These were great. They were essentially four dinosaurs in one: the Brachiosaurus could be also be built as a Diplodocus, Plateosaurus, or Plesiosaurus, or even a variety of others if you used a bit of imagination (if you left out one of the neck bits on Plesiosaurus you'd get a nice wee Cryptoclidus, for example). Build a basic body, swap out the limbs, tail and head, and you could create a dinosaur! And of course, given the modular nature of Lego, you could mix-and-match from all the other sets to make more dinosaurs - even completely fictional ones.

Now, remember how I mentioned Designasaurus II? Well, Designasaurus II also focused on swapping out dinosaur parts: choose the body, arms, head, and tail, in order to create the Ultimate Prehistoric Lifeform.

You still don't understand what you're dealing with, do you? Perfect organism. Its structural perfection is matched only by its hostility. I admire its purity. A survivor... unclouded by conscience, remorse, or delusions of morality...

Ahem. Anyway, Jurassic World is already dealing with Designasaurs in the Diabolus Indominus rex, and the toyline has expanded into Chaos Effect territory:

I never would've taken Colin Trevorrow to be a Reb Brown fan, but if I don't see Chris Pratt pterodactyl-hanglide-dropkick something I'll be surprised. Chris Pratt, he's the man!
Since custom characters have been a part of Lego games since Lego Star Wars II, I think it's worth considering letting the mad scientist in children everywhere run amok with their genetic abominations. Lego Marvel Superheroes already allows a modicum of customisation with Big Figs (annoyingly dropped in Lego Batman 3), so it isn't as if they haven't gone beyond customisable minifigs before.


Previous Lego games have had a lot of fun with open-world spaces: Lego Batman 2 gave us the whole of Gotham City, Lego Lord of the Rings had an Epcot version of Middle-earth, Lego City Undercover gives us - well - Lego City, and Lego Marvel Super Heroes lets you run about a fictionalised New York. Jurassic World offers a wonderful opportunity to have not one, but two world spaces - Isla Nublar and Isla Sorna. Isla Nublar would of course be Jurassic World proper, complete with all the accoutrements and features of a theme park; Isla Sorna would remain the largely wild and free breeding grounds of the second and third films, dotted with the ruins of labs and bunkers. Perhaps the original Isla Nublar could be accessible as a post-game bonus.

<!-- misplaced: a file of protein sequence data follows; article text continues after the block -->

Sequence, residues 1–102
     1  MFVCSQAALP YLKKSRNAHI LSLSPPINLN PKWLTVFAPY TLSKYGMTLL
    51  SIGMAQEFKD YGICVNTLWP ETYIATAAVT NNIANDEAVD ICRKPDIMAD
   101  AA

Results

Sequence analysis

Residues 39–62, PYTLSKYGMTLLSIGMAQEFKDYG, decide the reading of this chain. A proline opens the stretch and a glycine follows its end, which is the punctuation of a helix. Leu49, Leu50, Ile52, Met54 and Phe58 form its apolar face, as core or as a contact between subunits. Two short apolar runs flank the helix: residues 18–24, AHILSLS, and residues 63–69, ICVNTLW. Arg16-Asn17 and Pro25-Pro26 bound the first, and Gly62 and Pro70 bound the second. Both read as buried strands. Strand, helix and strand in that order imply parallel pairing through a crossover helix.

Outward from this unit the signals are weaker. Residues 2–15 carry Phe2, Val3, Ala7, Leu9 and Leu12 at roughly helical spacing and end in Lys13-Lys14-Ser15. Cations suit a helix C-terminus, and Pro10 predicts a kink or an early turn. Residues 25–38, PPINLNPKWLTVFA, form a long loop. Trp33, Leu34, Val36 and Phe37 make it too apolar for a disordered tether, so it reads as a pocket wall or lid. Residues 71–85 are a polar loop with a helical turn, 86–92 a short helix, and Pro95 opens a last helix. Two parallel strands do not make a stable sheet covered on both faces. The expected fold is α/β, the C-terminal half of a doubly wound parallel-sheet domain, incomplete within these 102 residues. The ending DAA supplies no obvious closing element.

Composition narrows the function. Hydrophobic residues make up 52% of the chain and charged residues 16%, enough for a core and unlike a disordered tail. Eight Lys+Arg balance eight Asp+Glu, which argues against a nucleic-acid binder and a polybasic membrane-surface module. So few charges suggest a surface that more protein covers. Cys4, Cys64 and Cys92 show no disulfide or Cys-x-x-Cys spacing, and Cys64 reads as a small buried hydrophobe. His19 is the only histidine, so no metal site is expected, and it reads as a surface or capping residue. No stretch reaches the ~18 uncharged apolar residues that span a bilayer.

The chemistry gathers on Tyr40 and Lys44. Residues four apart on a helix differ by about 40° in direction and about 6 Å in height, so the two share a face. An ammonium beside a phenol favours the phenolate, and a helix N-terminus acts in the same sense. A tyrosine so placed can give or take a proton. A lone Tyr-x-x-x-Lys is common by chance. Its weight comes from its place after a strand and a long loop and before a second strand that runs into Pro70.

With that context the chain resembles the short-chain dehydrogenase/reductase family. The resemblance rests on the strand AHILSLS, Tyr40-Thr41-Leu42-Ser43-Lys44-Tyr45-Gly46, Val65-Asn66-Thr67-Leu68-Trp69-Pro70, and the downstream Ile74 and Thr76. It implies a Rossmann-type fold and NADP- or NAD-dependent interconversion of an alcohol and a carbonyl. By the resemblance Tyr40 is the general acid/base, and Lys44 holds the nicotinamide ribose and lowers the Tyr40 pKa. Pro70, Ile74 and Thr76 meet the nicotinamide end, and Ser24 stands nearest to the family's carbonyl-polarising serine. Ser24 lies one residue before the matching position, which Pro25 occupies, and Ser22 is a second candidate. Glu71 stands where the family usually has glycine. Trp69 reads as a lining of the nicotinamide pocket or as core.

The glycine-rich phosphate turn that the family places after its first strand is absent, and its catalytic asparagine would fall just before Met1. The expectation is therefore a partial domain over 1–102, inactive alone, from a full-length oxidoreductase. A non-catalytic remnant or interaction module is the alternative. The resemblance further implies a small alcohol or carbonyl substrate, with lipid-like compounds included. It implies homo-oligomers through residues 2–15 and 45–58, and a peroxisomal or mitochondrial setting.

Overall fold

Alternatively, what if the world space was not set in stone brick? What if the game's open world was customisable - to make your own Jurassic Park? It could be as simple as Jurassic Park Builder with  grid-based placement,or going full Operation Genesis with completely free object placement. Lego has always been a creative hobby, so why not create? Observation towers, arenas, restaurants, museums, roller coasters, water slides, all the way down to facilities and decorations. Choose themes - futuristic or retro, tasteful or gaudy, technological or naturalistic, action or family. Then, when you've built up your park, enjoy it. Go for a drive through the park with the explorer; float overhead in a balloon; peek through those wee bubbles they have in zoos; or just wander around and people-watch. And maybe once every so often shut off the power and let the dinosaurs loose on thousands of tasty morsels.

Still waiting on Operation Genesis II, by the way. 10 outta 10. 10 outta 10. 100 outta 100. Best game. BEST GAME
These are just some of the possibilities for Lego Jurassic World: The Video Game. This year will mark the 10th anniversary of Lego Star Wars: The Video Game, and so the tenth year of Telltale's rejuvenation of the Lego gaming world. Each Lego game has followed a similar playstyle without many permutations, which has led to some accusing the series of growing stale. While there's nothing inherently wrong in formulaic gameplay if it works, I think a bit of innovation in mechanics every so often can be just what the geneticist ordered.

1 comment:

  1. I miss Designosaurs. Thank you, I had forgotten the name (played it as a child).